God created everything into time, and He created time with everything else as the context in which everything exists. In that case, the cliché ways we refer to the time we are given each day tell us as much about our relationship with the Maker and Sustainer of time as with time itself: “wasting time,” “good times,” “hard times,” “the time of my life,” “not enough time,” and so forth. We know something about what such phrases mean with relationship to time, but what do they suggest about our relationship with the One from Whose hands all time arises and in Whose hands all time rests?

It is significant that, in Ephesians 5.15-17, Paul did not say, “Make the most of your time” but “Make the most of the time.” Time is not ours. Time is from the Lord and belongs to Him. Time exists above, around, beneath, and through us all, and it is kept in place, moment by moment, only by the will of Him Who, day by day, brings the light and makes the darkness.

Each moment of time is sustained by the Word of the Lord, Who upholds all things by His power (Col. 1.17; Heb. 1.3). The time you are taking to read these words is not your own; it belongs to Him Who makes and sustains it every moment of every day. So, whether we “waste” the time or “make the most of it,” we are saying something about our regard for the Creator and Sustainer of time, and we are doing so at every moment, in every situation, no matter what we’re doing in the time allotted to us.

Time is our most precious gift, as Jonathan Edwards explained, and the Christians of the Celtic Revival understood. In the time of our lives, we love God and our neighbors, or we fail to realize God’s purpose for giving us the time of our lives.

What will the moments of time that mark the passage of this day say about your relationship with the One Who opens His hands and gives you the gift of time, moment by moment, day by day?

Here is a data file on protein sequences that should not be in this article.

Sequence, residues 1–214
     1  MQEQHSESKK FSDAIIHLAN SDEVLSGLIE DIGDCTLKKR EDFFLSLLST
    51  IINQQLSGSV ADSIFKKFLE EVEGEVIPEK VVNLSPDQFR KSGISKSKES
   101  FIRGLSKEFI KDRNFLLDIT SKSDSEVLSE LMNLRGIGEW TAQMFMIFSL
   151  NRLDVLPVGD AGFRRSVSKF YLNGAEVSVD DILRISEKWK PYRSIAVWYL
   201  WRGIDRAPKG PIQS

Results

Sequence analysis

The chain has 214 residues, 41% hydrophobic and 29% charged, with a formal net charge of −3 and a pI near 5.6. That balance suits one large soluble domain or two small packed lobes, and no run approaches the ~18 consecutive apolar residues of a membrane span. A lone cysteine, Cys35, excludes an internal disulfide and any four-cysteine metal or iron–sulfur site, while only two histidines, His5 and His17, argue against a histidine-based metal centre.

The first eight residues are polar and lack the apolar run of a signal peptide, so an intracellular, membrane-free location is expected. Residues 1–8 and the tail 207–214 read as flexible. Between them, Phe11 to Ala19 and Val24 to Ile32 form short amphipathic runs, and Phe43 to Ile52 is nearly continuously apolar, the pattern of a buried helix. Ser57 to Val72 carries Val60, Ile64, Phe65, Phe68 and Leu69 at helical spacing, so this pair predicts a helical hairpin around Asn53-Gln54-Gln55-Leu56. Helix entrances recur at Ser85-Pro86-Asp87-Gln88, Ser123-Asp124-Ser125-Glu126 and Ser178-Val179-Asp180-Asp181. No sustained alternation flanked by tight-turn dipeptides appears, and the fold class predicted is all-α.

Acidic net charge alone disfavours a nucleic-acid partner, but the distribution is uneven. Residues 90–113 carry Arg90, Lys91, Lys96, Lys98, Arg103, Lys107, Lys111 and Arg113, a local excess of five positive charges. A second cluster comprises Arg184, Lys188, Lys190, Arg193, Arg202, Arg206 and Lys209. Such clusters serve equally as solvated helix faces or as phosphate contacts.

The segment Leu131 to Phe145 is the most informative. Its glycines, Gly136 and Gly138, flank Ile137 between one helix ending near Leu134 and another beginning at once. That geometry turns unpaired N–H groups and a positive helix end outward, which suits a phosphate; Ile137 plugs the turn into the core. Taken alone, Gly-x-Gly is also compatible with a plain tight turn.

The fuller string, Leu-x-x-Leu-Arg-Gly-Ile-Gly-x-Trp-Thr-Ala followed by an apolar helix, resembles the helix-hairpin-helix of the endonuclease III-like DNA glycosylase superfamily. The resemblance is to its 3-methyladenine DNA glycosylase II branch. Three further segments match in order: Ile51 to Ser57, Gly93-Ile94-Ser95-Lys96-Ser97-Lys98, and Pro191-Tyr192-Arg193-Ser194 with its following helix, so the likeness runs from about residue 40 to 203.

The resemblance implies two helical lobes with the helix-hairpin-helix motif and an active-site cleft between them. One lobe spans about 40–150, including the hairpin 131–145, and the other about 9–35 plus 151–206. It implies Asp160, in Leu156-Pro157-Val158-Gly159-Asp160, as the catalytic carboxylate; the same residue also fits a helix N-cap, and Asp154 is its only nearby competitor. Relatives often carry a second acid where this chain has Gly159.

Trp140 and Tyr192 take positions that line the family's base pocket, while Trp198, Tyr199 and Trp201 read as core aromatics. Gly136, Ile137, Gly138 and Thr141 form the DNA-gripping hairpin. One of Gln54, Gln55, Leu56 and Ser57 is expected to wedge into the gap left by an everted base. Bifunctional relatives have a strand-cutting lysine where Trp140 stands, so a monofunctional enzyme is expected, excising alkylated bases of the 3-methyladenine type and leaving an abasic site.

For Reflection
1. What does it mean for you to “redeem” the time God gives you each day?

2. Should you be trying to improve your use of that time? Explain. 

Psalm 90.12-15 (Landas: My Faith Has Found a Resting Place)
LORD teach us all our days to note that wisdom may be ours.
Return, O Lord, have mercy on those servants who are Yours.
Each morning let Your love appear that we for joy may sing.
And make us glad for every day You us affliction bring. 

Lord, King of mysteries, You existed before creation and You are living forever still. Grant that I may serve You according to Your eternal purposes at all times. Adapted from Saltair na Rann, Canto I

A Christian view of time

Did you realize that, as a Christian, you are called to inhabit time by looking in four directions at once? It’s possible to do, and doing so makes of time an exhilarating journey in the providence of God. Our book, Vantage Point, teases this out in more detail by providing a Christian view of time. Order your free copy by clicking here.

If you’re not a supporter of this ministry, won’t you please prayerfully consider making a gift to The Fellowship of Ailbe? Only God can move you to do this, and we believe He intends to support this ministry from within the ranks of those who are served by it. If this includes you, please seek the Lord in this matter. You can click here to give with your credit card or through Anedot or PayPal, or send your gift to The Fellowship of Ailbe, 360 Zephyr Road, Williston, VT 05495.

T. M. Moore, Principal
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All Psalms for singing from The Ailbe Psalter. Scripture taken from the New King James Version. © Copyright 1982 by Thomas Nelson, Inc. Used by permission. All rights reserved.


[1] Bamford, p. 81.                                                     

T.M. Moore

T. M. Moore is principal of The Fellowship of Ailbe, a spiritual fellowship in the Celtic Christian tradition. He and his wife, Susie, make their home in the Champlain Valley of Vermont.